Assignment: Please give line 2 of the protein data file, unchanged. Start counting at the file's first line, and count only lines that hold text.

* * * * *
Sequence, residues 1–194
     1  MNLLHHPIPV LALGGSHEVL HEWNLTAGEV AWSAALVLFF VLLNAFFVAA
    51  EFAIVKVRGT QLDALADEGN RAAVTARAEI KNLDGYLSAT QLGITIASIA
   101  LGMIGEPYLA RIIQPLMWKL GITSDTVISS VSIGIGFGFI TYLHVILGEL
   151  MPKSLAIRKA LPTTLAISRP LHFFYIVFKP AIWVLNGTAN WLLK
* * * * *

     1  MNLLHHPIPV LALGGSHEVL HEWNLTAGEV AWSAALVLFF VLLNAFFVAA